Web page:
Now, I tend to be a pretty intuitive person. That’s my Myers-Briggs score, and that’s how I generally operate. Unfortunately, my intuition is often wrong. Rather than use the nearest street number as a guide, I went with the nearest color compared to what I was expecting. This led me to pull into a driveway that ran up past a house to a structure in the back. Sounds sort of right…. The structure turned out to be more a garage or shed, though, than apartment. There were several cars parked in the driveway, and several people standing out in the front yard of the house having a beer who had watched me as I pulled in with a sort of “Now, what’s that guy think he’s doing?” look. I got out of the car and walked back to … what, check in? … with these folks. As I approached one of the men asked, “Can I help you?” in a sort of “You obviously need some help, and I’m not sure I’m gonna be the one that gives it” kind of way. I said I was looking for an AirBnB. They all looked at each other and said it wasn’t here. I apologized and asked if they knew where it might be. They did not. I apologized again and made my back to the car, turned it around, and slowly drove out under their sort of “On your way, you dumb tourist” kind of glare.
I sat at the curb across the street wondering what to do next – try another random driveway or try to contact the host or what. I checked the numbers again, tried to recall what the pictures had looked like, and decided to try again on the next driveway down. This turned out to be correct. I had an assigned parking place, which was made for efficient packing, because there was barely room to squeeze in my rented Hyundai. Walk up a long flight of steep stairs to a duplex apartment. You enter at the kitchen with washer/dryer behind the door. The kitchen is open to the living room with a small balcony patio. Down the hall is the bathroom and one good-sized bedroom with a queen bed and large window looking out on the back lawn. Very adequate! All nicely appointed. The kitchen has a full size fridge, dishwasher, and gas stove. The view from the balcony is very pleasant, looking to the Verdugo Mountains to the north. The neighborhood has a definite working class vibe that reminded me of our neighborhood in Dayton.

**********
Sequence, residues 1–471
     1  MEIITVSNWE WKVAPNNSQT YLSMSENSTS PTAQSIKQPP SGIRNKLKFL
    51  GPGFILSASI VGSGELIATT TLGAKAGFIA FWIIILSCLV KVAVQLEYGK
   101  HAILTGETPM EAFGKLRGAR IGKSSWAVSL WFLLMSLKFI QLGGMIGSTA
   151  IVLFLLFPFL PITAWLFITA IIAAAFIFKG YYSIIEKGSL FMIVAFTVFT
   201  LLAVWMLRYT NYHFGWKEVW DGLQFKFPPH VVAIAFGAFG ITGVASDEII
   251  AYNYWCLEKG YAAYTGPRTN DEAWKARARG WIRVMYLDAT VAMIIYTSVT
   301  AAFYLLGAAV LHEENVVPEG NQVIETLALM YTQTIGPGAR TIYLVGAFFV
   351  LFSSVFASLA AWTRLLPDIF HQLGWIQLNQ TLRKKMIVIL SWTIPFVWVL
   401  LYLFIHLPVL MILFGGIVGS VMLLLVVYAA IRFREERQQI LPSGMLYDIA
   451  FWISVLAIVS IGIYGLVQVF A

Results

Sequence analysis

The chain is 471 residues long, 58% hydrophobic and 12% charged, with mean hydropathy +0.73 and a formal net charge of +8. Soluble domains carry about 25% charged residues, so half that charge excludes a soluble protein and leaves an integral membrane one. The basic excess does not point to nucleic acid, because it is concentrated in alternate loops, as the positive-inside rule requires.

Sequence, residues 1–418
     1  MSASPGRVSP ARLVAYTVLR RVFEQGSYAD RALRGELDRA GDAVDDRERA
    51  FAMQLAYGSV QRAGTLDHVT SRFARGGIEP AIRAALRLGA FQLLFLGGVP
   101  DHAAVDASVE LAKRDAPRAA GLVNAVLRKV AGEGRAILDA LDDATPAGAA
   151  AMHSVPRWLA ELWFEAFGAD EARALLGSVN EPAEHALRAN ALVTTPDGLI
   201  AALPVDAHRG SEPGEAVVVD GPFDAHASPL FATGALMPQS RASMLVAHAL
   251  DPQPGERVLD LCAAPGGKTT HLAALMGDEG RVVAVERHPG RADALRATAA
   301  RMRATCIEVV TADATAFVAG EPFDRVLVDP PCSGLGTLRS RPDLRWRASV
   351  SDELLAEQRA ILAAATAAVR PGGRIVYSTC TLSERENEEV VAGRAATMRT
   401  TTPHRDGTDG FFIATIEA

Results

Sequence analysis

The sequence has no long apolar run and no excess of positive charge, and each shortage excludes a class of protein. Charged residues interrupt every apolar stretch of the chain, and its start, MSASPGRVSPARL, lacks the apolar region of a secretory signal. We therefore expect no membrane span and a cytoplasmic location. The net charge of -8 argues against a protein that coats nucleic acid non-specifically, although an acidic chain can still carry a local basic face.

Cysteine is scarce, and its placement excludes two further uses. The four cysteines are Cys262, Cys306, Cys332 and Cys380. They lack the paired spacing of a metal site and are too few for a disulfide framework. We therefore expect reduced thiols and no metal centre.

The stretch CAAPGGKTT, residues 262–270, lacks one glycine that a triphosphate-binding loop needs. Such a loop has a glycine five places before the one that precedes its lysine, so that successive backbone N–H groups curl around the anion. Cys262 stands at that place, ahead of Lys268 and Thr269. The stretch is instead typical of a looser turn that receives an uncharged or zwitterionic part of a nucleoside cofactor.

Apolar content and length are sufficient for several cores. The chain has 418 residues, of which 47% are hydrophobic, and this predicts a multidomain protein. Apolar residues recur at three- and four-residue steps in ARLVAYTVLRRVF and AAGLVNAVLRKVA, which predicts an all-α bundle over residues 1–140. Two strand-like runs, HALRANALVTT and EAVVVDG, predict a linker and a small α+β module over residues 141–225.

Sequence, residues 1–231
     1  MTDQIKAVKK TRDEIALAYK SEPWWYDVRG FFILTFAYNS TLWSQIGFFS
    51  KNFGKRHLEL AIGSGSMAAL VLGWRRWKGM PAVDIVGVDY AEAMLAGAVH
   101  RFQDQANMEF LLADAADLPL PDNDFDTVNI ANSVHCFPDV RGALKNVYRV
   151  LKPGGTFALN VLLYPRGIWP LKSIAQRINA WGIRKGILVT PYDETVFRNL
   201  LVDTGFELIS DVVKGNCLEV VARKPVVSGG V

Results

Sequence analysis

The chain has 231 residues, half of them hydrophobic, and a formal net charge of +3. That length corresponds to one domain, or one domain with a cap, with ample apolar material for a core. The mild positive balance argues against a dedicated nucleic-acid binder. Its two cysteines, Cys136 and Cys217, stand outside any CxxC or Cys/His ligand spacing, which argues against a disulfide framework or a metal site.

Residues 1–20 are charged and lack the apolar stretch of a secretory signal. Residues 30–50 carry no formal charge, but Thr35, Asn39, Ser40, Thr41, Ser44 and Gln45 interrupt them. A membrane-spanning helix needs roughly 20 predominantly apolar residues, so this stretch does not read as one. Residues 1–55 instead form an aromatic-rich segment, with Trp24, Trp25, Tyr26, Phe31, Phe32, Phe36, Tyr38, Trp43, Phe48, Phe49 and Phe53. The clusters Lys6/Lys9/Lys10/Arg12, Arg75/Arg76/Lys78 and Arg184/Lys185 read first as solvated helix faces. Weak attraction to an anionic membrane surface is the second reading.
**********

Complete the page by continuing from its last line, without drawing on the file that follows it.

Spending Time in LA
My adventures in LA were mostly astronomical. Other than my observatory trips I didn’t venture out too much. I went to the Super A Foods to get groceries, and I went to Patra’s Charbroiled Burgers for some local flavor. Even then, I chickened out and ordered my meal to go and ate at the apartment. This was in part because Patra’s tables were a mess of grease, to be honest. And there was hardly anyone else there, so I wouldn’t be gaining any local experience from people watching and would end up with grease stains on my clothes. The burger I got there, though, was FANTASTIC! So it was well worth the trip, even if it was shorter than I’d planned. So I cooked most of my own meals again and spent a lot of time planning my observatory outings and the next leg of the journey after LA. I did watch the worship service at >Catoctin Presbyterian< that Sunday, which included communion. I participated with bagel and coffee. Does that count? Molly and I also produced an episode of our podcast, >More Than Hearing.< It was a challenge we hadn’t tried together while I’d been on the road. I think our bicoastal episode turned out pretty well, all things considered.
So that was a pretty eventful first day in the big city. Watch for my coming write ups of my three observatory tours from that week – Griffith Observatory, Palomar Observatory, and Mt. Wilson Observatory – the latter two of which were among those that I was most anticipating on the Grand Tour.